Over the Peace Corps’s 50 years, 185 Michigan Tech alumni have served as volunteers, more than half from Michigan. PCMI graduate students have served all over the world, including Armenia, Belize, Bulgaria, Fiji, Gabon, Kenya, Mali, Mauritania, Morocco, Nepal, Paraguay and Zambia, to name a just few.

The Peace Corps partners with more than 80 colleges and universities across the nation to enable graduate students to earn a master’s degree while serving in the Peace Corps. PCMI students begin their graduate studies on campus, serve overseas for two years, doing volunteer work on projects related to their graduate studies. Then they return to school to complete their graduate work.

PCMI programs attract top-notch students and help the Peace Corps meet the worldwide demand for highly skilled professionals by providing countries in need with qualified volunteers.

“Every year, hundreds of Peace Corps volunteers pair meaningful service with graduate studies through Peace Corps’ Master’s International and Fellows/USA programs,” said Peace Corps Director Aaron Williams. “After completing Peace Corps service, volunteers return to the United States as global citizens, with leadership, cross-cultural understanding, and language and technical skills that position them well for a successful graduate school experience.”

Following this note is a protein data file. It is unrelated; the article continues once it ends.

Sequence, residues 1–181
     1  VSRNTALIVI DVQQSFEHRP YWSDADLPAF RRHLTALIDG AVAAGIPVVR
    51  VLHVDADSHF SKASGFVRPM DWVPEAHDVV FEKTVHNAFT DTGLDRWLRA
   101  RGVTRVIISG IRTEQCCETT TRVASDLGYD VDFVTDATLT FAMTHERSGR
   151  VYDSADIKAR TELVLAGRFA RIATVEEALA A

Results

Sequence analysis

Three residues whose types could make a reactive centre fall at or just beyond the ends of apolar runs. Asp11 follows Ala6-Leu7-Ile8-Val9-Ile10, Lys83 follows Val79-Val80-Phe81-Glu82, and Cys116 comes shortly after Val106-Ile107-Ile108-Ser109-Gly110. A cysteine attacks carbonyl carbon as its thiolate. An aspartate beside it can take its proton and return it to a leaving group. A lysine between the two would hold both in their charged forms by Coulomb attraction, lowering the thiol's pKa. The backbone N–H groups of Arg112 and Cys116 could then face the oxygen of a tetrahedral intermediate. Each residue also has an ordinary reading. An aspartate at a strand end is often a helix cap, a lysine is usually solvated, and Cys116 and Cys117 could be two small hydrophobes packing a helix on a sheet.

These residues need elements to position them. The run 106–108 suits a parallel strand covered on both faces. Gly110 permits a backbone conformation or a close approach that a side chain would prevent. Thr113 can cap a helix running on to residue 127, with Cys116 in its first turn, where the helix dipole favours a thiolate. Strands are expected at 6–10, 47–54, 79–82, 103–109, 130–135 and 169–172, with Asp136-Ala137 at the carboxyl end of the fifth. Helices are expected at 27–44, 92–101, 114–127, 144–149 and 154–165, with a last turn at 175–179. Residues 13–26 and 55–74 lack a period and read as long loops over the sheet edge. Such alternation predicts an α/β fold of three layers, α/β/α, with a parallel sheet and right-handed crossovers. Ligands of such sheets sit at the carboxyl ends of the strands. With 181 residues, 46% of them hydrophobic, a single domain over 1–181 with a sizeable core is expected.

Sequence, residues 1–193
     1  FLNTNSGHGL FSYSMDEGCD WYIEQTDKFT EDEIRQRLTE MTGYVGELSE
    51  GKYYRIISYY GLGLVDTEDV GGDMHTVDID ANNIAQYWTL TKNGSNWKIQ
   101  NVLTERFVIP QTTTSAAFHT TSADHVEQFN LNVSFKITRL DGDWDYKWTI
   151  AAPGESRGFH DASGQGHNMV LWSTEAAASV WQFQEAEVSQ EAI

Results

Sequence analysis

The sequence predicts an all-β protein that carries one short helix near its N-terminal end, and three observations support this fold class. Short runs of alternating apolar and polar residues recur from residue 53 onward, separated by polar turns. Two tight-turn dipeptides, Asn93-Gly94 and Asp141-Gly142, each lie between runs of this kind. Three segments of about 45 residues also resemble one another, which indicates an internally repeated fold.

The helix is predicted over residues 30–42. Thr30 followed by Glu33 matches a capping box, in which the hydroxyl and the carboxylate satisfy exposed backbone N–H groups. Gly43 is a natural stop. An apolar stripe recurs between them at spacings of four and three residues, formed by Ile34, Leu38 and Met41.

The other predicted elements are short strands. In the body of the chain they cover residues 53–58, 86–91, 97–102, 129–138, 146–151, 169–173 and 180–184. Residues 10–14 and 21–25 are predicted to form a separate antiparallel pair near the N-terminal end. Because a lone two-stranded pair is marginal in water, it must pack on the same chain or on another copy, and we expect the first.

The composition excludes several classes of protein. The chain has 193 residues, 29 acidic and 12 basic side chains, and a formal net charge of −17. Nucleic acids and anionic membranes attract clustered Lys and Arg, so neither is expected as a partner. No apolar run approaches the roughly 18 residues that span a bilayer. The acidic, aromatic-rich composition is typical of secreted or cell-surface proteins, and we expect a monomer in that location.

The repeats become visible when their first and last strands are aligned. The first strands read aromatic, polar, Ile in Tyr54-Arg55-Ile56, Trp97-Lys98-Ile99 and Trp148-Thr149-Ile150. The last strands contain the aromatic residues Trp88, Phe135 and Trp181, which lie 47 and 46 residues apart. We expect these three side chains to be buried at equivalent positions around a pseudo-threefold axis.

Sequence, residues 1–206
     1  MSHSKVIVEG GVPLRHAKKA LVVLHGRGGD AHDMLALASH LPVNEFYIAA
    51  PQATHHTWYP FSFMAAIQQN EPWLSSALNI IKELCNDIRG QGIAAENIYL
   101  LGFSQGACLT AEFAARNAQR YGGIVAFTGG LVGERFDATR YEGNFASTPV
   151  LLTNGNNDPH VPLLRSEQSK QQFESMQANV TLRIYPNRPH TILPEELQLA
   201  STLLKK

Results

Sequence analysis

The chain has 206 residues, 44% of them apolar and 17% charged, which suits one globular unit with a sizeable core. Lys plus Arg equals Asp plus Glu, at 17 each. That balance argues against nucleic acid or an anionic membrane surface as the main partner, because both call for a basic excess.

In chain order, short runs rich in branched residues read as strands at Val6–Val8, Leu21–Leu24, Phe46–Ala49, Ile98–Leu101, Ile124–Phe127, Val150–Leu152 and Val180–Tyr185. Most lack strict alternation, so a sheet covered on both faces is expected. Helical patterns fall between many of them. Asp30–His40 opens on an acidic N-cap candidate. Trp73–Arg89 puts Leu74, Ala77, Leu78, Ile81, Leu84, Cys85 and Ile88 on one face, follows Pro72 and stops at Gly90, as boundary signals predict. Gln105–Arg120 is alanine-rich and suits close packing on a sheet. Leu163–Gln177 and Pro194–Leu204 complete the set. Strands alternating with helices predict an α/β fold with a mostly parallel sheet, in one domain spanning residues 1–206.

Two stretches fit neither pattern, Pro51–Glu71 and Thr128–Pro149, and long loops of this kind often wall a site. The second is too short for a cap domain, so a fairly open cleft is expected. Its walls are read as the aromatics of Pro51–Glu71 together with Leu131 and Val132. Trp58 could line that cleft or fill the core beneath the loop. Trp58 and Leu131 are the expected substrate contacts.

Fellows/USA is a program that provides scholarships, academic credit and stipends to volunteers who have already completed Peace Corps service when they decide to enroll in a graduate program.

President John F. Kennedy established the Peace Corps on March 1, 1961. Throughout 2011, Peace Corps is commemorating 50 years of promoting peace and friendship around the world. Historically, more than 200,000 Americans have served to promote a better understanding between Americans and the people of 139 host countries. Today, 8,655 volunteers are working with local communities in 77 countries.

by Jennifer Donovan, director of public relations
Published in Tech Today